[ig-zoom, -zyoom, eks-hyoom]
See more synonyms for exhume on Thesaurus.com
verb (used with object), ex·humed, ex·hum·ing.
  1. to dig (something buried, especially a dead body) out of the earth; disinter.
  2. to revive or restore after neglect or a period of forgetting; bring to light: to exhume a literary reputation; to exhume old letters.

Origin of exhume

1400–50; late Middle English < Medieval Latin exhumāre, equivalent to Latin ex- ex-1 + humāre to inter
Related formsex·hu·ma·tion [eks-hyoo-mey-shuh n] /ˌɛks hyʊˈmeɪ ʃən/, nounex·hum·er, nounun·ex·humed, adjective
Dictionary.com Unabridged Based on the Random House Unabridged Dictionary, © Random House, Inc. 2018

Examples from the Web for exhume

Contemporary Examples of exhume

  • A team of scientists is set to exhume the former Palestinian leader's body on Tuesday in order to find out.

    The Daily Beast logo
    Bringing Up Yasir Arafat’s Body

    Tracy McNicoll

    November 24, 2012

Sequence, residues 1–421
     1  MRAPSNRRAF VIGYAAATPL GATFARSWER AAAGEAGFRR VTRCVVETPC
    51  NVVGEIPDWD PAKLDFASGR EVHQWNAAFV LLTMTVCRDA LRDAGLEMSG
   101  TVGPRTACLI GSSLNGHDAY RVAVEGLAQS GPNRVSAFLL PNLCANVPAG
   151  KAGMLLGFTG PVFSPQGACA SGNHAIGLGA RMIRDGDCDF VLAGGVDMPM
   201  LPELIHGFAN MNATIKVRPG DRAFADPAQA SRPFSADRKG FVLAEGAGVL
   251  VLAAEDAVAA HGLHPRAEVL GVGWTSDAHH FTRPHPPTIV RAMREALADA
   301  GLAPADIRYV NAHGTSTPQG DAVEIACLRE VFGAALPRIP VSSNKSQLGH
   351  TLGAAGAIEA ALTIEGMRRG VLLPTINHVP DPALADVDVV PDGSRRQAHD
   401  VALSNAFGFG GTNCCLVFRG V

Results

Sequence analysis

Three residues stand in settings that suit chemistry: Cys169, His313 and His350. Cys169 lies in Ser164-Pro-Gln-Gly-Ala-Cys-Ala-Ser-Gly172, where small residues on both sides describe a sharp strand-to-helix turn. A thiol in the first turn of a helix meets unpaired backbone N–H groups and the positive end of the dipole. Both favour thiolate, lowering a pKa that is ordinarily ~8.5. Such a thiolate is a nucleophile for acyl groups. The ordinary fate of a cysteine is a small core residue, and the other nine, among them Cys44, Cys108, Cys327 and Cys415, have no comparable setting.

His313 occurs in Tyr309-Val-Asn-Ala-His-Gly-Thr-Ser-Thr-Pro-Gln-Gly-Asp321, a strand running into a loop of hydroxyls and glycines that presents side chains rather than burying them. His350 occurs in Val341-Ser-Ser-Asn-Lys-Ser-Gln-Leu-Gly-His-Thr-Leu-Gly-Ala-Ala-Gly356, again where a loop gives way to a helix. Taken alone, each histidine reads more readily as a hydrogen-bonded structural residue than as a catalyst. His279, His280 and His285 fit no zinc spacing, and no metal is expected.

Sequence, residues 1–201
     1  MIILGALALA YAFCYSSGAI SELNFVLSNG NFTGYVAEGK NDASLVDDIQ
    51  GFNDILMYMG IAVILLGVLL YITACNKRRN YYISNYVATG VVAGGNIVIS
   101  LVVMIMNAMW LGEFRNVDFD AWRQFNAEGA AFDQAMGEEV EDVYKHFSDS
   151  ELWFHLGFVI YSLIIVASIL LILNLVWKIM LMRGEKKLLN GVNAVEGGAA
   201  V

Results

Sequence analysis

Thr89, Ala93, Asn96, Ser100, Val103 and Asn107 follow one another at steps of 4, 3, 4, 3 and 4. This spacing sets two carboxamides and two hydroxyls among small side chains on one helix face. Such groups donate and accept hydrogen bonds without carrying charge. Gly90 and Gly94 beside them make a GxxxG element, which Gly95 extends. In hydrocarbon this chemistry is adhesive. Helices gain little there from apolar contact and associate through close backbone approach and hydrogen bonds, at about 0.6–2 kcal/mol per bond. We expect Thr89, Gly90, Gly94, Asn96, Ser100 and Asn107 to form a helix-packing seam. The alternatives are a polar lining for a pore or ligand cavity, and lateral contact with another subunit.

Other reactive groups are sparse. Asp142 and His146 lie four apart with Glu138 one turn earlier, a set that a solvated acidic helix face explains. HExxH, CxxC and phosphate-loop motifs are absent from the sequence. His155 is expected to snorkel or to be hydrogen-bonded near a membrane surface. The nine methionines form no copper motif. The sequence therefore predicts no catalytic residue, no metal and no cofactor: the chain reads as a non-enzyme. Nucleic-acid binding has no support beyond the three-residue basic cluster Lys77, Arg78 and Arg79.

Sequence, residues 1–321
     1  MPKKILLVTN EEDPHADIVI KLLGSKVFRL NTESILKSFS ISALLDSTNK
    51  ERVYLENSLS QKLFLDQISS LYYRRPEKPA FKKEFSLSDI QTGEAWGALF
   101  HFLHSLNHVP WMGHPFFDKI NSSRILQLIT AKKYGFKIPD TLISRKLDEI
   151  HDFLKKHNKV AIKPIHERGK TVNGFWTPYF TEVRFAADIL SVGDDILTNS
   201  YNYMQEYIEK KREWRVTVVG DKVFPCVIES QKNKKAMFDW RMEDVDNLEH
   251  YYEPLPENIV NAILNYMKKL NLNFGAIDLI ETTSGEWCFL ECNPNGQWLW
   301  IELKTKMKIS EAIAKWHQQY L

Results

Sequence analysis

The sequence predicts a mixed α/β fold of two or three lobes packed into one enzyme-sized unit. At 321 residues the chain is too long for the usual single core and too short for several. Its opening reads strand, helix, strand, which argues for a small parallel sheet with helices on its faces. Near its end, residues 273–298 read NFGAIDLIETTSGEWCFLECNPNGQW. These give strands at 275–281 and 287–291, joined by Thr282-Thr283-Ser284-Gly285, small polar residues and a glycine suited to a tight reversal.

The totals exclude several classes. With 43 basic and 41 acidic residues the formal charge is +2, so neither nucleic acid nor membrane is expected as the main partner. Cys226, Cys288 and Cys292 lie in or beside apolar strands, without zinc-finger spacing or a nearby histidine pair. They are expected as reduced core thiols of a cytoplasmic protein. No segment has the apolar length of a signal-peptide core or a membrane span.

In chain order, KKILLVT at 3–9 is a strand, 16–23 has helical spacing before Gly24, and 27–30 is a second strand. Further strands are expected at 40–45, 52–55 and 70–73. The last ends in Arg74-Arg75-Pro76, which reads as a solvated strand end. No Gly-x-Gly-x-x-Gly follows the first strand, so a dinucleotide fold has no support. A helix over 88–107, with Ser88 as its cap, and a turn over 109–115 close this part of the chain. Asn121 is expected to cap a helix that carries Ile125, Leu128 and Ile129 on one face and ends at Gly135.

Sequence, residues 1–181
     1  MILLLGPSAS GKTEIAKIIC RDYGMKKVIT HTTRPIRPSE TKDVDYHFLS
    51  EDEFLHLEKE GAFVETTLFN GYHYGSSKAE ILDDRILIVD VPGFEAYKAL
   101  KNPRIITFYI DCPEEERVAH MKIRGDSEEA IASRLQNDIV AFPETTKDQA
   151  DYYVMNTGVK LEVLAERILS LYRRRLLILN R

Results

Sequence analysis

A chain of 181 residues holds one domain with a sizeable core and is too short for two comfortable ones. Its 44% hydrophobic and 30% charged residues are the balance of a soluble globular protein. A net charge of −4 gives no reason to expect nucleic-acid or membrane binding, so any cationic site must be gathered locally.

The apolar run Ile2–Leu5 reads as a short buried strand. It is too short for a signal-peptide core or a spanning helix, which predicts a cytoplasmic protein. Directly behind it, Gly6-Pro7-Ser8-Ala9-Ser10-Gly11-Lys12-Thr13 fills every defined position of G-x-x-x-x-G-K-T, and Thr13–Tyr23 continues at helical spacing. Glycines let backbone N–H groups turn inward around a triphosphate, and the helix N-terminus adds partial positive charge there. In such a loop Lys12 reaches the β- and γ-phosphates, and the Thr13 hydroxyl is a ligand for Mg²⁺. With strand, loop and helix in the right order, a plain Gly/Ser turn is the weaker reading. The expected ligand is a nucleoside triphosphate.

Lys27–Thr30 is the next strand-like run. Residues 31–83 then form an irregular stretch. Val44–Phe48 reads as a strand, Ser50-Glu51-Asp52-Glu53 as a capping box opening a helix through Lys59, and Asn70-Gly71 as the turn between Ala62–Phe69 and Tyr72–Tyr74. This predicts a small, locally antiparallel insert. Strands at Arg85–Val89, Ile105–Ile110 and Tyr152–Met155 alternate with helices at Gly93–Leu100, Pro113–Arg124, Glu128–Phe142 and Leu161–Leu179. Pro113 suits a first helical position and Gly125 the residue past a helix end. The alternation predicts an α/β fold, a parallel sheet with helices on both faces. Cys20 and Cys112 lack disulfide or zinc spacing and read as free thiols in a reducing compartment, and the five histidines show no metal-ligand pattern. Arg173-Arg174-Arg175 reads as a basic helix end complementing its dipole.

Historical Examples of exhume

British Dictionary definitions for exhume


verb (tr)
  1. to dig up (something buried, esp a corpse); disinter
  2. to reveal; disclose; unearthdon't exhume that old argument
Derived Formsexhumation (ˌɛkshjʊˈmeɪʃən), nounexhumer, noun

Word Origin for exhume

C18: from Medieval Latin exhumāre, from Latin ex- 1 + humāre to bury, from humus the ground
Collins English Dictionary - Complete & Unabridged 2012 Digital Edition © William Collins Sons & Co. Ltd. 1979, 1986 © HarperCollins Publishers 1998, 2000, 2003, 2005, 2006, 2007, 2009, 2012

Word Origin and History for exhume

early 15c., from Medieval Latin exhumare "to unearth" (13c.), from Latin ex- "out of" (see ex-) + humare "bury," from humus "earth" (see chthonic). An alternative form was exhumate (1540s), taken directly from Medieval Latin. Related: Exhumed; exhuming.

Online Etymology Dictionary, © 2010 Douglas Harper